5MF Issue 11: Understanding VIX - The Volatility Index

Analysts often refer to the VIX as “the fear index” or “the fear gauge”, but how does an index quantify consumer sentiment, and what can we learn from it?

As the COVID-19 virus threatened to derail the world economy in mid-March of 2020, a measure colloquially known as the “fear index” jumped from the 20s to an all-time high of 82.69. For the rest of the year, VIX—the volatility index created by the Chicago Board Options Exchange (CBOE)—settled to an average of 28. Now, experts at JPMorgan expect VIX, to decline in 2021 to around the 17 level.

While you might be excused for taking predictions like these with a grain of salt amidst such unpredictable times, understanding VIX is arguably more important than ever.

Measuring Fear In the Market

Put simply, VIX tracks trader sentiment in the stock market, predicting potential volatility. When trader behavior indicates fear, the index goes up. When it indicates confidence, VIX goes down. Impressively, the index calculates this all in real-time.

But how can an index measure fear or confidence? After all, it’s not like the CBOE surveys traders every few seconds. The magic lies in a complex equation based on S&P 500 index (SPX) options trading.

As a widely accepted indicator of overall stock market performance, the S&P 500 is the perfect data source for this calculation. One strategy for traders who anticipate a market drop is to buy SPX puts—the option to sell at a future date—at a lower price lower than current levels. Conversely, traders who are bullish on the market can buy calls—the option to buy at a future date—at a higher price than the market is trading today. 

By basing the VIX equation on SPX options trading, the index paints a fairly accurate picture of what traders think the market will do in the near future. As a result, it’s regarded as the standard for monitoring short-term market volatility.

A quick lesson on options contracts, or “options” for short:
Investors can trade two types of options, calls and puts. For a call option, a trader buys in and sets a buying “strike price” and an expiration date. For example, one may pay $100 for the option to buy 100 shares of SPY at $350 (the strike price) before June 1st.
At any point before expiration, the trader can buy the option at the strike price—even if the SPY value is higher at the time, say $360 (a $1,000 return, less the $100 option price). Call options are popular with investors who expect higher prices in the near future.

For a put option, the trader still buys in with a strike price and an expiration date. However, a put means that the trader can sell the option at the strike price at any point before expiration. (i.e. the option to sell SPY at $350 even if its value at the moment is $330). This usually means that they anticipate lower prices in the near future.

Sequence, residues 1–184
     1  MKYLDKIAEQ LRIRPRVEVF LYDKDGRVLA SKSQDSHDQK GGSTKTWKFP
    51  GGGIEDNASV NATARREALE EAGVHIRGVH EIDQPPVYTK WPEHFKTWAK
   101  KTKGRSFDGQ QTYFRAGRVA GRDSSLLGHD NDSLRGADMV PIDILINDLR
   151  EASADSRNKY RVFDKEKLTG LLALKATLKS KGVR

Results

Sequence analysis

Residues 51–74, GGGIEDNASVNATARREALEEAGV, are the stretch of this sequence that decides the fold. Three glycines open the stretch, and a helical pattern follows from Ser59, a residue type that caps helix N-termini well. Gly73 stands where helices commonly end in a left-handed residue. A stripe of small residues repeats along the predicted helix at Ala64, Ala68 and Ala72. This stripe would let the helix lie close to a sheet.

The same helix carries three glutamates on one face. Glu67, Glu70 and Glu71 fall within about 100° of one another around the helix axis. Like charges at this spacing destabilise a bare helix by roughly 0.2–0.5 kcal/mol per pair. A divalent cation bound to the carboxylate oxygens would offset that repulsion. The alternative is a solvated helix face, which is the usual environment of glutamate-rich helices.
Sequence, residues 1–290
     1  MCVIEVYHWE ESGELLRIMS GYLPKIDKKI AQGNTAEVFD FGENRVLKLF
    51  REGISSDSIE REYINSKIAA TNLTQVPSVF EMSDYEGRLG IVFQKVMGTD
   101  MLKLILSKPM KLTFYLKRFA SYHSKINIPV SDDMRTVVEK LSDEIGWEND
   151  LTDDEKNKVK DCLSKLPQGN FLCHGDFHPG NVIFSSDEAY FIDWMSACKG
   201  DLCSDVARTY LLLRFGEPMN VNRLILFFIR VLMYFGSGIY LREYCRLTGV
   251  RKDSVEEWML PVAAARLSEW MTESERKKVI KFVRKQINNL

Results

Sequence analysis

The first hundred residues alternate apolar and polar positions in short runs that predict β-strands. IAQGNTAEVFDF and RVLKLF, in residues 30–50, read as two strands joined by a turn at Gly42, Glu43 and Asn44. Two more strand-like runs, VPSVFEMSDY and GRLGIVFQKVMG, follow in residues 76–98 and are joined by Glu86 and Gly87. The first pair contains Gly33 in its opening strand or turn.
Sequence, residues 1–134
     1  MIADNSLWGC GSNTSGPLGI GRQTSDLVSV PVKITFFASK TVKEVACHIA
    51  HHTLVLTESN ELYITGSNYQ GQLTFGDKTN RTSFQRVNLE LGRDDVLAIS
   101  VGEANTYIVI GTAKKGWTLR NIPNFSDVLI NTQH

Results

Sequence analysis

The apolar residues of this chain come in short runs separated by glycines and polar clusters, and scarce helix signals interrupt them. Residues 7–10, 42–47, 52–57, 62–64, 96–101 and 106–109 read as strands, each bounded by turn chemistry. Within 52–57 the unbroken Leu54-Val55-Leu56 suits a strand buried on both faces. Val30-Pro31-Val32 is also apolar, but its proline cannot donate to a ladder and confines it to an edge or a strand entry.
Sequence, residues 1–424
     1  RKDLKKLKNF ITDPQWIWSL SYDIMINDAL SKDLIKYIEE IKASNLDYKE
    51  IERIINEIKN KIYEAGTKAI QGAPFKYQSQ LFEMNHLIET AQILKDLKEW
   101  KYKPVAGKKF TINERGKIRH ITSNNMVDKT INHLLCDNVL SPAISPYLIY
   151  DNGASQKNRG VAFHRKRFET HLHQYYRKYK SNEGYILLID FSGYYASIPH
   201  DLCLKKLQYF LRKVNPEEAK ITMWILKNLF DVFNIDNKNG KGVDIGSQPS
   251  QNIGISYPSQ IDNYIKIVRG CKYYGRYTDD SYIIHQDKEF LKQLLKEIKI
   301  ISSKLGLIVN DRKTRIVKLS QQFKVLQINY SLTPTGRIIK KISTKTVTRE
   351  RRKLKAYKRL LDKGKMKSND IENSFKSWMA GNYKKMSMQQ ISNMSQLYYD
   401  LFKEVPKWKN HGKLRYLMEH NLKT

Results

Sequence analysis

Understanding the Numbers

VIX uses data about SPX calls and puts that are set to expire in the next 23-37 days to calculate sentiment about the next 30 days in real-time. Lots of calls? Traders are fearful, and the volatility index goes up. Lots of puts? Traders are feeling confident, and VIX goes down.

The VIX often mirrors the SPX (one tends to be up while the other is down), but not dollar-for-dollar. The volatility index measures attitudes, not price, so the number produced by the calculation isn’t a dollar amount. 

The equation produces solutions that range from 1-100, and these are understood as percentages which are based on historical volatility. Thus, a VIX of 11 means the SPX is 11% volatile compared to historical averages.

A VIX value above 20 is typically considered “elevated”. In 2020, VIX rose above 20 in late February, reaching record levels in March, and never returned to pre-COVID levels. As of January 2021, it’s still hovering around 25.

What We Can Learn From the VIX

Investors, analysts, and portfolio managers use the VIX as one of many tools for understanding and investing in the stock market. Many refer to it while analyzing the market, while others invest indirectly in the VIX itself through futures, ETFs, or ETNs to hedge more traditional stock investments.

For banks, however, the index provides something a little different.

When volatility is high, banks may make money from fees on increased trading. However, they pay for it in other ways. A falling market means increased risk, decreased consumer spending, and hesitant funders. As a result, their own stocks tend to suffer in periods of volatility. 

This is why JPMorgan’s prediction brings hope for banks after a year of elevated VIX. A decline in volatility invites hedge fund investment in equities. According to the bank’s experts, a “combined $550 billion in equity inflows could come from systematic funds and hedge funds in 2021 as they buy stocks.”

With predictions like that, it’s easy to see why the VIX is one index that banks want to see fall.

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